Backup software can be configured to run every second, and not store data if no changes have occurred, but that's not enough for it to be considered version control in my eyes, since it is possible for a file to change twice in a second.


In my opinion, here are some minimum features of a VCS which may not be in a basic backup:

  1. A VCS should store more than one versions (where as a backup might store only the latest last-known-good)

  2. Because of 1., each version should be identified somehow (date, tag, version ID)

  3. A VCS can typically support more than one concurrent user

  4. A VCS for source code will normally have support for branching, merging, adding comments, and viewing deltas


The basic difference that stands out to me is that version control allows multiple users to easily work on the same code. Backups do not.


I would consider backups a very basic version control system. I would not recommend it for lots of things, but if I have a small script on my home computer, I use dated backups instead of a full featured VCS. This is OK because I am the only one to change the file, so I do not need to worry about conflicts or who made a change.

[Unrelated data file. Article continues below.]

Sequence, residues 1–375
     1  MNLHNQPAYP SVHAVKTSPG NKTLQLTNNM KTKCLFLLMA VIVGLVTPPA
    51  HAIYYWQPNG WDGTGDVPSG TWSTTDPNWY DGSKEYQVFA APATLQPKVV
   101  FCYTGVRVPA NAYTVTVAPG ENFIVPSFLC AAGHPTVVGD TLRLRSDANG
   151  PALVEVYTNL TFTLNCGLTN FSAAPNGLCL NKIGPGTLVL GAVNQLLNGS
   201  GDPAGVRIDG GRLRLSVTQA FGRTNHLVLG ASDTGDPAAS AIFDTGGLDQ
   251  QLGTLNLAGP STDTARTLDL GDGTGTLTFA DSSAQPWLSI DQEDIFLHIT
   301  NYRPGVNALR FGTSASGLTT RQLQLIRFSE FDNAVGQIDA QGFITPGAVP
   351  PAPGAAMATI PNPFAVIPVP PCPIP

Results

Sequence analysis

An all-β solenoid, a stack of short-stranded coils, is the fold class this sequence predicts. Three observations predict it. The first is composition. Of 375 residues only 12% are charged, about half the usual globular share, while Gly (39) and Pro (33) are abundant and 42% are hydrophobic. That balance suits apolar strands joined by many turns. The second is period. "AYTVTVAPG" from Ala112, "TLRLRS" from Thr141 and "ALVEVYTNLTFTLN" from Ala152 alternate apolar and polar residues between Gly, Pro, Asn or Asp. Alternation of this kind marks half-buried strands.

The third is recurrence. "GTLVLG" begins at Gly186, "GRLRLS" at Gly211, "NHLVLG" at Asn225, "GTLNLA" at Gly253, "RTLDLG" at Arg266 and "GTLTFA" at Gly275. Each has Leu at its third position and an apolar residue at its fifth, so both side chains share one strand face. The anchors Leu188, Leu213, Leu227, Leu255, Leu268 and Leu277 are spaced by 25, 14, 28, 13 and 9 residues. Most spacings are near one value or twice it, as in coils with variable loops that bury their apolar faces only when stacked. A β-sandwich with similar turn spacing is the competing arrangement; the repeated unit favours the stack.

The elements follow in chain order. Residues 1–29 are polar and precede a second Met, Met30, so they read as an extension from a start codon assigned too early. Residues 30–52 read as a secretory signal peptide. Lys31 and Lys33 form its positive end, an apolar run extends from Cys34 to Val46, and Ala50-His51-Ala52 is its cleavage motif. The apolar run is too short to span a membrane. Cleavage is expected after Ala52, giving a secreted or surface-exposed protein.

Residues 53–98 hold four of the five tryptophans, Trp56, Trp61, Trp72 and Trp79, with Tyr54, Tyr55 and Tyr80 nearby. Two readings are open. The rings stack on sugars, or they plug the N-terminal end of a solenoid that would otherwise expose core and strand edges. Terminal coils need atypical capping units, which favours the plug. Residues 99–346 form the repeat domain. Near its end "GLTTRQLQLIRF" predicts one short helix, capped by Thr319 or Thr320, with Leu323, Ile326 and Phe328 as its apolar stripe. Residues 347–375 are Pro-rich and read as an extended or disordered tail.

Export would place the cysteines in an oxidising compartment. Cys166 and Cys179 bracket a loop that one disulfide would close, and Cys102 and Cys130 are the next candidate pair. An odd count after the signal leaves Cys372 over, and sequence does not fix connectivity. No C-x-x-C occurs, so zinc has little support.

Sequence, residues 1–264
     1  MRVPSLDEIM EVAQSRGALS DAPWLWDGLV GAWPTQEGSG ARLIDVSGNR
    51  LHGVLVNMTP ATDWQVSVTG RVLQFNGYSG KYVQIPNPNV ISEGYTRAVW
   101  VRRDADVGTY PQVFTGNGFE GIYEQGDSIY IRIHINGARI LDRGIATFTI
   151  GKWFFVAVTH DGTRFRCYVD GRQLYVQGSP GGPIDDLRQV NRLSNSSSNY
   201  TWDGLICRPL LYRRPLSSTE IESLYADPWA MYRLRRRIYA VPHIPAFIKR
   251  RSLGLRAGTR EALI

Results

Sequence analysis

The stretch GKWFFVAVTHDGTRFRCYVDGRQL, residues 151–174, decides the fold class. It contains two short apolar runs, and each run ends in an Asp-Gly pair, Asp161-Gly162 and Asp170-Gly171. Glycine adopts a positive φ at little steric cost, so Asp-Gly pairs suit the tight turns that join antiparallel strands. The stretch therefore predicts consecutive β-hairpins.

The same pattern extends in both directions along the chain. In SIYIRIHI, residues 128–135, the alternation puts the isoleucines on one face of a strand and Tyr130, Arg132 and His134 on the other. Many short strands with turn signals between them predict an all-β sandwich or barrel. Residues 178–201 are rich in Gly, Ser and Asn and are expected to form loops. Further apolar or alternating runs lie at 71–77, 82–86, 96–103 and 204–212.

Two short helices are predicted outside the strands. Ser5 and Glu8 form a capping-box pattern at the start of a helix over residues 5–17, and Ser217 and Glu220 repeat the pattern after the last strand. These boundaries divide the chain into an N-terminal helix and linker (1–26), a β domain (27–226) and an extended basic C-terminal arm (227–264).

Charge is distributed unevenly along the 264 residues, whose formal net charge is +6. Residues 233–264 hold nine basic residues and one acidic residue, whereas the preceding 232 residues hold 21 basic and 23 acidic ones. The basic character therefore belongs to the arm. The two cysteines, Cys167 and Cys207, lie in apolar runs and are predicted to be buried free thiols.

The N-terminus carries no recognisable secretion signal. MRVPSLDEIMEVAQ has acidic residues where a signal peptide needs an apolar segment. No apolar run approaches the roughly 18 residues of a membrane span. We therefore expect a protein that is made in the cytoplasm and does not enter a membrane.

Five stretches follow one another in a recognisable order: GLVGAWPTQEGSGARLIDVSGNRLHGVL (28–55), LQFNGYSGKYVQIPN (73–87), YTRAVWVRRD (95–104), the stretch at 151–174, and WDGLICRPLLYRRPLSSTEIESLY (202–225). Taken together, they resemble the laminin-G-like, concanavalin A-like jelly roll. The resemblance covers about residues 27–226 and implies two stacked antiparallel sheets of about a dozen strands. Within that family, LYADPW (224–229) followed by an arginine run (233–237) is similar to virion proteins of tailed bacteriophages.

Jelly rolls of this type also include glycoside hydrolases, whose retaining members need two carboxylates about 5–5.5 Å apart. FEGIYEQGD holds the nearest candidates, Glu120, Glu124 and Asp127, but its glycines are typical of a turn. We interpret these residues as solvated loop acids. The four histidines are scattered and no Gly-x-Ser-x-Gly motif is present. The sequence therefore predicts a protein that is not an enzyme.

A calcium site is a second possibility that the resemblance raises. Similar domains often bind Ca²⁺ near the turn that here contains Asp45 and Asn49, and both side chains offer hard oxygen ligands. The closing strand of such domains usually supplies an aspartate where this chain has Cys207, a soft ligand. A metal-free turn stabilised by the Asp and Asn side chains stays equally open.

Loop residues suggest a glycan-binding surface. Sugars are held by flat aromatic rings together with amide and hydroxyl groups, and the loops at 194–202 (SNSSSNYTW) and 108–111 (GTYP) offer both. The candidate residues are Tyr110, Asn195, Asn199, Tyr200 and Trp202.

Version control keeps a history of changed, and most version control systems only store the difference between two versions, not everything. Backups store everything, and they have no history unless you do it manually. Backups are inefficient usually. However version control systems are not very efficient with binaries.